Development types under the new Planning Act
8 April 2018
In Queensland Development Applications (DAs) are primarily guided by the Planning Act 2016 (the Act), the Planning Regulation 2017 (the Reg) and the Development Assessment Rules (the Rules). The Act defines what development is, the types of development, and the various application options.
The local council then creates a planning scheme for the region that sets out the zones, assessment levels, and overarching policies.
The Act defines five development types being building work, plumbing/drainage work, operational work, reconfiguring a lot, and material change of use of premises.
In most cases, the development categories or assessment level will be dictated by the relevant planning scheme based on the proposed development type and where relevant, the land use definition. However, in some cases it is the Act or Regulation that dictate the level of assessment.
The Development Assessment Rules (DA Rules) sets out the statutory framework, sequence, timeframes and actions required for an assessable development that councils and applicants must abide by.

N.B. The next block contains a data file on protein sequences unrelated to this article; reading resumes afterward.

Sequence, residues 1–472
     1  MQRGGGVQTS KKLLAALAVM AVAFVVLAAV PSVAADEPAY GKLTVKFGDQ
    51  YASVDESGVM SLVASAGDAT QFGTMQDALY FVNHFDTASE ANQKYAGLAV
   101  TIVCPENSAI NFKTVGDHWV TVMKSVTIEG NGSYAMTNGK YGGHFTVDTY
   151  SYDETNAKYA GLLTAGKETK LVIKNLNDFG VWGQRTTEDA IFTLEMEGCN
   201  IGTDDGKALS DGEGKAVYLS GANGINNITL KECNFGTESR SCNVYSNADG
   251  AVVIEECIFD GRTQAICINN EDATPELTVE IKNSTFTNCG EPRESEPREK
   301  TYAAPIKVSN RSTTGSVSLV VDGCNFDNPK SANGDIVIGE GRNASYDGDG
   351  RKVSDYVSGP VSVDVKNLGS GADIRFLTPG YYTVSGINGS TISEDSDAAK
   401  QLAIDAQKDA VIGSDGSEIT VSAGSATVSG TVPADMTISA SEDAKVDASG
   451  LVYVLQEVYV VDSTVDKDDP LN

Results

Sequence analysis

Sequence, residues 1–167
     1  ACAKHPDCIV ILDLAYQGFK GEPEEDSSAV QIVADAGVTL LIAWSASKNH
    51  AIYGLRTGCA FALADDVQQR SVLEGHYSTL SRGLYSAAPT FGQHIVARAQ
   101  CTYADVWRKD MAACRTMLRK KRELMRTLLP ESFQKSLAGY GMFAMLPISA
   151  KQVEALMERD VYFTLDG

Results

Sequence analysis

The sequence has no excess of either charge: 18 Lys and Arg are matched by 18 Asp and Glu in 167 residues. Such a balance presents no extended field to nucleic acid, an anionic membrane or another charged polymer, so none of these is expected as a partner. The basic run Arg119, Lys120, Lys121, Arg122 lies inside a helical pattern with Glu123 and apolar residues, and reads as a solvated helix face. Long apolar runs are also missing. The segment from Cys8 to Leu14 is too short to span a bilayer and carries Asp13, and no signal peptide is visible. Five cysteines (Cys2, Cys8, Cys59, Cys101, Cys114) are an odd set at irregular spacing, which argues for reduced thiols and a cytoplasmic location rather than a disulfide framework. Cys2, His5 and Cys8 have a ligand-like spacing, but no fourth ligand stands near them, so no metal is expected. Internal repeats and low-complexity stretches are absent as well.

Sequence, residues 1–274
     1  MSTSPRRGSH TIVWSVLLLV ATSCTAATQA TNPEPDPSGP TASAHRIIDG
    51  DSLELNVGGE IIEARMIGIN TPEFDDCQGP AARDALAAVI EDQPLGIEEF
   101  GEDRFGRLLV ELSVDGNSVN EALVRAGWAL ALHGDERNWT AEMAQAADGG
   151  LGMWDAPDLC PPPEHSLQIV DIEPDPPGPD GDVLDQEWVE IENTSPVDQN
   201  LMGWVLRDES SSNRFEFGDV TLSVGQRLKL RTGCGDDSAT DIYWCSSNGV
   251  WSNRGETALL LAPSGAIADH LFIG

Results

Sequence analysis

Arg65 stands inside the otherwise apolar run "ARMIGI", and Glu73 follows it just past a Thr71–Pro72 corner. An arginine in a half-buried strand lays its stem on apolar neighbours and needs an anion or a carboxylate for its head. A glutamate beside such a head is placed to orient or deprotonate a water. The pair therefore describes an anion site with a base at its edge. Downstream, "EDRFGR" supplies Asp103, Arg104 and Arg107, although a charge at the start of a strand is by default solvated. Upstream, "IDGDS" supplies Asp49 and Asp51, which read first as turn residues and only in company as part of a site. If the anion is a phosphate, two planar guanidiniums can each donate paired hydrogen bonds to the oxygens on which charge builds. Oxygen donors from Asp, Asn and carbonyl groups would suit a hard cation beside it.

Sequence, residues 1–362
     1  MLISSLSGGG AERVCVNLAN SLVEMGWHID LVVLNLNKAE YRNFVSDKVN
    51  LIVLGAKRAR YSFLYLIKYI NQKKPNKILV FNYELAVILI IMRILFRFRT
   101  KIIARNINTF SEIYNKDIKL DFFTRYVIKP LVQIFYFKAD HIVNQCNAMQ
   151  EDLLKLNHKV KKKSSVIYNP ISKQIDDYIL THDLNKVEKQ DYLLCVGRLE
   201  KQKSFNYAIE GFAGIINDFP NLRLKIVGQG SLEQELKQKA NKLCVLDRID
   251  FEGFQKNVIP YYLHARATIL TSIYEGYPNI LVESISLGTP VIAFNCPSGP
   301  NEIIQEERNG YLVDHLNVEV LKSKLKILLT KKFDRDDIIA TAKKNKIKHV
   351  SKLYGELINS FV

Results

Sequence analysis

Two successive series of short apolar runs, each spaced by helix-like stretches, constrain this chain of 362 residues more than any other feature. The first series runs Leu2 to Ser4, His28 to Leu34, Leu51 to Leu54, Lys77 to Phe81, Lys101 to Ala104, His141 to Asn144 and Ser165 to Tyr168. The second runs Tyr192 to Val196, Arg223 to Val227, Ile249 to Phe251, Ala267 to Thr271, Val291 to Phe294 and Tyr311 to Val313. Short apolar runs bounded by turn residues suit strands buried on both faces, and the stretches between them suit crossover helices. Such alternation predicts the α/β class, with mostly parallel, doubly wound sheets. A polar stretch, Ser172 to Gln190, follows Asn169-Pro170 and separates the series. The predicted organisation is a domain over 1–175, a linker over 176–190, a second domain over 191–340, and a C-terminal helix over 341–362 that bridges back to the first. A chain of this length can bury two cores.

An Act, regulation or local or state planning instrument will categorise development under one of three categories:
Prohibited development, as the name suggest, is simply not allowed so you can’t put in an application seeking approval for it. An example of prohibited development would be a shopping centre outside of the urban footprint nominated by the South East Queensland Regional Plan.
Assessable development requires the lodgement of a development application. There are two types of assessable development, code and impact, and we will explain these in a future blog article.
Accepted development is, as the name suggests acceptable, and you do not require development approval provided you comply with the relevant requirements. This kind of development is generally straightforward and compatible with the planning intentions for the area.
Contact us to discuss the approvals your project will likely require via firstname.lastname@example.org or call 1300 017 540.
Disclaimer: While every effort has been made to provide accurate information, Consult Planning does not guarantee that this blog article is free from errors or omissions or is suitable for your intended use.
- 50 shades of grey: Why your town planner can’t guarantee an outcome 19 November 2018
- What is the difference between a "splitter" and a "subdivision"? 16 October 2018
- Coastal hazard overlay and Brisbane development 16 September 2018